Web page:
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Tilikum the Killer Whale Ailing Toward End of Captive Lifespan

Tilikum the Killer Whale Ailing Toward End of Captive Lifespan

Killer whale Tilikum at Sea World show in 2011. (Photo by Gerardo Mora/Getty Images)

By    |   Wednesday, 09 March 2016 09:27 AM

Tilikum, SeaWorld's largest killer whale, is ailing and his condition is deteriorating as he reaches the high end of the mammals' average life expectancy, say the water parks' veterinarians.

Tilikum is infamous for the 2010 death of trainer Dawn Brancheau. the spark for the documentary "Blackfish."

The killer whale makes his home at SeaWorld's Orlando park, and SeaWorld said he had been "increasingly lethargic" over the past several weeks and veterinarians expressed concern about the animal's health, according to CNN.

"Since Tilikum became a part of SeaWorld's family 23 years ago, he has received the best in marine mammal health care and life enrichment available for killer whales – including a focus on his physical health, mental engagement and social activity with other whales," said a SeaWorld statement.

"Despite the best care available, like all aging animals, he battles chronic health issues that are taking a greater toll as he ages."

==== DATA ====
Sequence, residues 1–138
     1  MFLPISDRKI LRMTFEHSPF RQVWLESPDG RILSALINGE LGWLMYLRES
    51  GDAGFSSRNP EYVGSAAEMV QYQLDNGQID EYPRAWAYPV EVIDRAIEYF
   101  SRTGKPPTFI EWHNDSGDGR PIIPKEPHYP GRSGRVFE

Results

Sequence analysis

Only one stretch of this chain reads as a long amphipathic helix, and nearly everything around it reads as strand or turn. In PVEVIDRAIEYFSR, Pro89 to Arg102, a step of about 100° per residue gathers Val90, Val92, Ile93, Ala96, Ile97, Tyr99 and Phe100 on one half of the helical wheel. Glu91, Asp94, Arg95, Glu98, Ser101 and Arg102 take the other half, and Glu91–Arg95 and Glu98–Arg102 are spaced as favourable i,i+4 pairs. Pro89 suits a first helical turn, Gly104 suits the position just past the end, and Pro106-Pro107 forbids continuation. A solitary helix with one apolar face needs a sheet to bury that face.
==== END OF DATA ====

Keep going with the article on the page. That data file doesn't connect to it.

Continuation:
SeaWorld said vets are treating Tilikum for what they think is a bacterial infection in his lungs, but the ailment has been "very resistant to treatment and a cure for his illness has not been found."

Tilikum has a controversial history at SeaWorld. He has been connected with three human deaths during his 23 years in captivity, including that of Brancheau, noted the Washington Post. That death became one of the focuses of the 2013 documentary "Blackfish" and began a backlash against SeaWorld.

The Post said Tilikum has lived in captivity since November 1983 when he was captured with two female orcas near Iceland. Tilikum is estimated to be 35 years old, said SeaWorld.

The Post noted that male orcas tend to live from 50 to 60 years in the wild but the median survival rate for killer whales in U.S. marine parks is just 12 years.

"I wish I could say I was tremendously optimistic about Tilikum and his future," said SeaWorld veterinarian Scott Gearheart in a park video, per the Post. "But he has a disease which is chronic and progressive, and at some point might cause his death."

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Tilikum, SeaWorld's largest killer whale, is ailing and his condition is deteriorating as he reaches the high end of the mammals' average life expectancy, say the water parks' veterinarians.
tilikum, killer, whale, ailing
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2016-27-09
Wednesday, 09 March 2016 09:27 AM
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